Wow… what a week, huh? Last Thursday the storm starting coming in when we got the news that the upcoming Tower Grove Winter Market would be cancelled due to Covid-19. That night, Dave and I went to a meeting with fellow farmers where the main topic of discussion was what farmers are to do during this pandemic. At that meeting we found out that our second winter market was cancelled later in the month. We needed to do something. The storm was here.
I’m very lucky that Dave is who he is in that he is the ultimate provider and forward thinker. While I tried to figure out what to do about our business, Dave already had us taken care of with a good amount of essential supplies. He started ordering enough feed for all our animals to get them through at least one month. 1) Because you never know what there might be a shortage of and 2) at the moment we still had the money to do so.
Now that it’s starting to be clear of what the “new normal” is, I wanted to take a moment to collect my thoughts on what it means to be a farmer and small business owner at this time. As a business owner and farmer, I’m anxious and unsure for our future. But as a human, I’m very thankful. Thankful that I live on a farm where I grow my own food, where I know how to preserve said food for extended use. I’m thankful for my animals that give us eggs, milk, meat and lots of cute distractions. I’m thankful for the woods so that even if we have to be on some sort of “stay in place” order, we still have acres of woods to roam. I’m thankful that I know how to do things now. The person that I was 10 years ago probably wouldn’t be so confident during such uncertain times. And even though we don’t have Uber Eats, Postmates, InstaCart, cable or Netflix or hell, even reliable internet, I have plenty of things to occupy my day and mind.
But as a farmer/small business owner…. I just don’t know. Unfortunately, unlike some other businesses, we can’t just shut down, slow down or lay off employees. Plants keep growing, animals need to eat, and we need helpful people to take care of the day-to-day goings on of the farm. And we need to take care of those people. So instead we have to come up with creative solutions for how in the hell we can keep moving forward. And it’s simple… you do the things. You collect eggs, check on the goats to see if they’re close to going into labor (which it seems like they never will), water the greenhouse, prep the garden for spring planting and move pigs from pasture to pasture. Just keep calm and plant on. Because we have to. There’s no other option.
That being said, we have a dilemma. This time of year we have two sources of income: restaurants and farmer’s markets/events. And those are both kind of gone. Luckily, Tower Grove Farmers Market came up with a great way to have an online farmer’s market of sorts and we can move some of our product that way. However, that only will take us so far. So we came up with a way to do deliveries into the city with orders through our online store. We also have a CSA with some spots left to fill. We’re determined to stay on schedule and start that in mid-May, but do home deliveries if we need to. Basically, we’re re-creating our business every 24 hours. Every day we’re coming up with new things, new spreadsheets, new lists with things crossed out and circled and crossed out again, my hurried fingers dashing across a calculator.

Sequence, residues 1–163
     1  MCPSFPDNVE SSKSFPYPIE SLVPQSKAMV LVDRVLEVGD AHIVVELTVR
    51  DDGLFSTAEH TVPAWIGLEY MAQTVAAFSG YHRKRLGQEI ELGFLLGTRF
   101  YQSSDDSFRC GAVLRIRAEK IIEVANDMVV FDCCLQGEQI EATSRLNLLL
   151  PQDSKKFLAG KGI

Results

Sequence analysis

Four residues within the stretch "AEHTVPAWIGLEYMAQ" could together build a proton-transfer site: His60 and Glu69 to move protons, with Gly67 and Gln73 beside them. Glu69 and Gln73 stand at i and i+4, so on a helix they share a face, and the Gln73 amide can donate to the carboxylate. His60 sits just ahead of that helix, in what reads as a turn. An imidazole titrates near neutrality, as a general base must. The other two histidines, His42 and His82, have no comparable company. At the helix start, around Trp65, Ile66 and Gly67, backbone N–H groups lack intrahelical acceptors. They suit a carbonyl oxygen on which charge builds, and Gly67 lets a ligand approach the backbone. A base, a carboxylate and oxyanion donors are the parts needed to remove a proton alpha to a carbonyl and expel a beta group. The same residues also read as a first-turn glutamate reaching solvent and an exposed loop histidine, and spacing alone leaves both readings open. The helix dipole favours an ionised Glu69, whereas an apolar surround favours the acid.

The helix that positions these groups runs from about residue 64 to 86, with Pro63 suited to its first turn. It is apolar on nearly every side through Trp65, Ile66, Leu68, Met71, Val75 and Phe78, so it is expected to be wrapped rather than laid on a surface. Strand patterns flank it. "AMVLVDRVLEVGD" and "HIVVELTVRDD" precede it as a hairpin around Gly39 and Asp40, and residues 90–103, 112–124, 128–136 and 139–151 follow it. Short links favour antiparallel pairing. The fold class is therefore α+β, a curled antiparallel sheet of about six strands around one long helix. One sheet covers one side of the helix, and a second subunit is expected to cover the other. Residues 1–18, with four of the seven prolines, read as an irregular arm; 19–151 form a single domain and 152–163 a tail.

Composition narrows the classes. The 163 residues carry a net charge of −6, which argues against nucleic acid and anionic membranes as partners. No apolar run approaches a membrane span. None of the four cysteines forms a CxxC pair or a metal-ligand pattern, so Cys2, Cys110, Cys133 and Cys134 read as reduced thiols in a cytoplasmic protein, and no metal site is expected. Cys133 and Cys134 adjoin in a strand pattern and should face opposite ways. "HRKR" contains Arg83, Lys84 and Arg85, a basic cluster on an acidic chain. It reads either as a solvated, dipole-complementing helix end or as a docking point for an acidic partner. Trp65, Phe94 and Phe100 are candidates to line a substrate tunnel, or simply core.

But now we’re running the risk of running out of product to sell. We have some pork that’s currently being made into summer sausage, but that takes 4-5 weeks. If we’re not careful, we run the risk of selling out of retail pork cuts. That’s a majority of what we have to sell right now. The soonest time we could get an appointment to take more pigs in for retail cuts isn’t until April 30th. So the pork that we do have has to last us until then. Vegetables aren’t ready to harvest. Goat’s aren’t in milk yet. And we need to make money. It’s all pretty stressful.
Eventually, everything will be ok. Because it has to. We need to pay our farm family every day, we have to have money for animal feed (we have 100+ mouths to feed!), meat processing so we can actually have a product to sell, potting soil for the greenhouse, money for gas so we can deliver, etc. The thought of us even being able to take any salary or even an owner’s draw is absolutely out the window. But in times like this, Dave and I aren’t a priority. Our people, the well being of the farm and our animals are our priority. No matter what happens out there in the world, the farm keeps going. This whole pandemic really puts things into perspective for us and hopefully others as well.
I hope people will start to see again how important a connection to local food is. While the big store’s shelves are empty, farmer’s shelves are full. By buying local, you can help the little guys like us and also know that you’re getting good, clean food. By joining a CSA, you know that you have food coming to your door, even if things continue to stay uncertain. And you know where it’s coming from! I really hope this is the re-birth of the local food system. I’m already so impressed with how to community has rallied together to support local restaurants and farms. I hope it stays this way.
How long will this whole thing last? I really don’t know. But we’re going to keep going because we have to. We’ll be here, we’re not going anywhere. We just hope you stay here with us. Keep calm and plant on.